For as long as I can remember, I've always wanted to be a makeup artist — and because of that, traditional school never interested me. All I wanted to do was go to cosmetic school, but for my parents, a makeup artist wasn't a "real job" so they wouldn't support me financially to pursue that dream. I grew frustrated and became a rebellious student. I had to repeat the 4th grade. I was kicked out of the first high school I attended. Everywhere I went, my teachers told me that I was a lost cause with no future. My guidance counselor suggested I attend a catering school because she said she had nothing else for me. So that's what I did.
Deep down, I always believed I was destined for a brighter future, so I decided to take control of my own life.
I studied to become a gastronomic chef. Despite being quite good at it, I ended up quitting in my final year due to the number of sexual jokes and bullying I experienced in the restaurant I was interning at. At the time, being a female chef was very difficult as it was a predominantly male profession. Refusing to allow being treated like this, I left before I could graduate. However, if I was honest with myself, I wasn't taking it seriously. I spent much of those three years drinking, doing drugs, and becoming violent with other students and even a professor.
I slipped into a depressive state before having the revelation that I was ruining my own life. The reality check was hard to accept: I was 19 years old with no degree, no job, and no direction. I felt shameful and guilty seeing that my mom's decision to move from Cameroon to Switzerland in search of a better life for us was all for nothing.
Deep down, I always believed I was destined for a brighter future, so I decided to take control of my own life. I stopped drinking and using drugs and searched for a free public aesthetician's school where I could learn the basic techniques of makeup and beauty. Unfortunately, my search was unsuccessful, so I made the decision to get a job and make myself financially independent so I could pay for schooling. My goal was to enroll in the Makeup For Ever master program, which would cost me 17,000 Euro a year.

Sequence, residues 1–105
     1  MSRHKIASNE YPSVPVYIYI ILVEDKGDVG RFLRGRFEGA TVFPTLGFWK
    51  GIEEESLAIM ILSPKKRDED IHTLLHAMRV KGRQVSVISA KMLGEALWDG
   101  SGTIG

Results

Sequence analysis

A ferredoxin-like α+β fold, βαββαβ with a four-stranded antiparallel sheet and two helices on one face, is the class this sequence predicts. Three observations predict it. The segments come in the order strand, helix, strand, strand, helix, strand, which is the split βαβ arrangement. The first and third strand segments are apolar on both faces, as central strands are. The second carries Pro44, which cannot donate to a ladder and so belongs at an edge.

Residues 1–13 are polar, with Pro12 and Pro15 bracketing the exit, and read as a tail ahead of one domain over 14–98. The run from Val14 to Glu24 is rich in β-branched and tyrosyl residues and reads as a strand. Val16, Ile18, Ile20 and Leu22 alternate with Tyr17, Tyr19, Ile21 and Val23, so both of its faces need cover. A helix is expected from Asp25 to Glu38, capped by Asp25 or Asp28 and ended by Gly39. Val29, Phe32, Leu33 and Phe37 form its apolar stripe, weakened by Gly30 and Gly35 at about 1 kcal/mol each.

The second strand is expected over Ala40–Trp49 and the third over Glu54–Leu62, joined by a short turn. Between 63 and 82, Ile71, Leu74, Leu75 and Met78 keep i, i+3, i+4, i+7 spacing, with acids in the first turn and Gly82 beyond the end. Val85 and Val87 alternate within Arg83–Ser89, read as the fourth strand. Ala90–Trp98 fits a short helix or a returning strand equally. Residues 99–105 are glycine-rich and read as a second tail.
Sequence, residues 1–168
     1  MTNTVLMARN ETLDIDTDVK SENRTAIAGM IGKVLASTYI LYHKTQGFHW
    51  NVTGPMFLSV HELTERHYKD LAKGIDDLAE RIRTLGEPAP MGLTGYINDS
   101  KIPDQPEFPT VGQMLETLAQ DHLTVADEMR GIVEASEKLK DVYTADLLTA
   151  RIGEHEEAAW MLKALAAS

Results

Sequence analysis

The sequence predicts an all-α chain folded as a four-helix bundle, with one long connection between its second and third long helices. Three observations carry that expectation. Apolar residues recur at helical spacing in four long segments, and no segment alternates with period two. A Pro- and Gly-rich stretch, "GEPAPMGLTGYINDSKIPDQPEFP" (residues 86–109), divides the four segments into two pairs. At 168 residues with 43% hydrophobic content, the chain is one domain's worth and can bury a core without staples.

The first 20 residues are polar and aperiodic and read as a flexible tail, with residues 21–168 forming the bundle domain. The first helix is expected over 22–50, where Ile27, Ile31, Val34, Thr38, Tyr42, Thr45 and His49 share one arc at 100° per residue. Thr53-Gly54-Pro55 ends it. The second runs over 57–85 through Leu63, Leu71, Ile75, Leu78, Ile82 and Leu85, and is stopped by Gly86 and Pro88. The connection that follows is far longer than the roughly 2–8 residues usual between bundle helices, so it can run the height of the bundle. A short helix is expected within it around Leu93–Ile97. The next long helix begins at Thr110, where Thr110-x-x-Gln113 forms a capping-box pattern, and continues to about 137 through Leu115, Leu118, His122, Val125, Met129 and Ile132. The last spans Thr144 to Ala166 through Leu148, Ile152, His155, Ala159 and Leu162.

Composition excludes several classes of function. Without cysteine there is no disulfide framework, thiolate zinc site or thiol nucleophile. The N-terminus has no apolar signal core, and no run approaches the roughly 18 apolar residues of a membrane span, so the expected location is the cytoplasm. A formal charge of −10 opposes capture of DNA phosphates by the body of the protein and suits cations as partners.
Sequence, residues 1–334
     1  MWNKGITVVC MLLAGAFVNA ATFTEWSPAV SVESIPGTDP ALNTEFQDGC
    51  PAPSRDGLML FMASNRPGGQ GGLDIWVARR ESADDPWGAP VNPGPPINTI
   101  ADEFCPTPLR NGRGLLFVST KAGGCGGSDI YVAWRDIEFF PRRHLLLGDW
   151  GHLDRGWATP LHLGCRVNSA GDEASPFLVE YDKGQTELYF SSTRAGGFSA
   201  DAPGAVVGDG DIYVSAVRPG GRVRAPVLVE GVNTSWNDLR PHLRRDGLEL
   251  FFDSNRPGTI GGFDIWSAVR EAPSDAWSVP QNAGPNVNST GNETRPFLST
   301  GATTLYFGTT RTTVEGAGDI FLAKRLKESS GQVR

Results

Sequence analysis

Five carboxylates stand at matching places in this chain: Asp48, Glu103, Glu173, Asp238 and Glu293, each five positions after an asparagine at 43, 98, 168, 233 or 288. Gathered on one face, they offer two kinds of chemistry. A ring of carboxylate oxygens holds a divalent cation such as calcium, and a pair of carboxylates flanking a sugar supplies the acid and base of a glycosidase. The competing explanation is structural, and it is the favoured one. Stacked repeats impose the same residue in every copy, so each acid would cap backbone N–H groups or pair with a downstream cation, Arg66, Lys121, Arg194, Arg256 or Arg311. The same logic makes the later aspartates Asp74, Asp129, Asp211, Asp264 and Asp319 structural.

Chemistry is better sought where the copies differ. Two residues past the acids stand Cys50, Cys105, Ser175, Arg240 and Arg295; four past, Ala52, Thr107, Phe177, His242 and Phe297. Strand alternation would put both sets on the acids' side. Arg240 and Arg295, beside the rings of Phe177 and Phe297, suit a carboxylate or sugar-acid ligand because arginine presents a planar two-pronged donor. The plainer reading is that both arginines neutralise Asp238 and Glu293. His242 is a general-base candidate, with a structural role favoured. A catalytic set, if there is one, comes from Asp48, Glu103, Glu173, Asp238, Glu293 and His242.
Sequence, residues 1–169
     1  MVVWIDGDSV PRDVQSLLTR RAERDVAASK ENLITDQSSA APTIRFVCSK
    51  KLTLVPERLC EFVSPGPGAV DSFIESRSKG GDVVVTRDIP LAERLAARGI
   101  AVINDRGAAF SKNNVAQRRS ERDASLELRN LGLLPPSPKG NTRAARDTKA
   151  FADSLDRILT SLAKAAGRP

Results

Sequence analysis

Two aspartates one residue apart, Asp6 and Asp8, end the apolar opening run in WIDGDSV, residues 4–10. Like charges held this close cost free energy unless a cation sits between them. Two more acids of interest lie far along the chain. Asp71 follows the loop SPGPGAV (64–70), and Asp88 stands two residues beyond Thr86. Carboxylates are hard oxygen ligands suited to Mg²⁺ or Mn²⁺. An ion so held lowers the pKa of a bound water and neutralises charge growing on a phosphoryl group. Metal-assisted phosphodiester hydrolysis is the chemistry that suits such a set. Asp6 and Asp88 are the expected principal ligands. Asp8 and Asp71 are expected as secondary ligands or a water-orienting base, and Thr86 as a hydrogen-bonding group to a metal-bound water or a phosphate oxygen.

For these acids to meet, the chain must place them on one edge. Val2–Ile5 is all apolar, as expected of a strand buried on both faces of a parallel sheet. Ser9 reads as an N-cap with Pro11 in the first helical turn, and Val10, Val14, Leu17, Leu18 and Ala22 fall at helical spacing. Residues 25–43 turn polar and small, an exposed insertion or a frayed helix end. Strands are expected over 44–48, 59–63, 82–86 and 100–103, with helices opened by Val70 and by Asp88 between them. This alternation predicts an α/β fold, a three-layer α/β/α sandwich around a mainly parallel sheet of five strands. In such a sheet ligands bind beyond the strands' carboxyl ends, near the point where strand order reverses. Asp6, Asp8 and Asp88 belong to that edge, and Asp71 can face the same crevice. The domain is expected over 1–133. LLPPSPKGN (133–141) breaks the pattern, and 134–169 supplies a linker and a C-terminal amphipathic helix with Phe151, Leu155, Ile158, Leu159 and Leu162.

Since I had an interest in fashion, I sent my resume to several fashion brands. But with no degree and no experience in sales, my search ended up unsuccessful once more. After continually being rejected, I finally found a full-time position at McDonald's in Geneva. I didn't have my driver's license, so I had to take the bus to and from work. Sometimes my shifts would go overtime when there were no buses, so I would lie to my mother, telling her that a female colleague was driving me home, but really I was hitchhiking.
Impulsively, I left that job when a customer threw his plate at me complaining about cold fries. I was once again, unemployed. About a week later, my luck changed when I was hired as a saleswoman at a children's fashion store. I loved children, so I was happy in this position for about a year before my ambition started to push me to follow my dream. I couldn't shake the feeling that I was meant for something else — something bigger.
Being a female chef was very difficult as it was a predominantly male profession.
I started to spend my nights looking for jobs in the cosmetics industry. I sent more than 300 emails to companies in Paris, the mecca for beauty. Like before, I was met with a lot of rejections, seeing as they all asked for experience in beauty or degrees in Make-up/Aesthetic, and I had neither. But my determination was unbreakable, and I knew one day it would pay off.
And one day it did.
A well-known perfumery was searching for workers to join their new luxury store in the famous Carrousel de Louvres in the 1st Arrondissement in Paris. I was asked to come interview for a beauty consultant position. It was the opportunity I was waiting for, the ultimate chance to change my life.The interview process was exhausting. In one day, I was interviewed three times, along with fifty other candidates. But in the end, it was worth it as they offered me the job. It was the happiest day of my life. I cried tears of joy because I knew that after getting this position, I had my feet in the door. Things could only get better.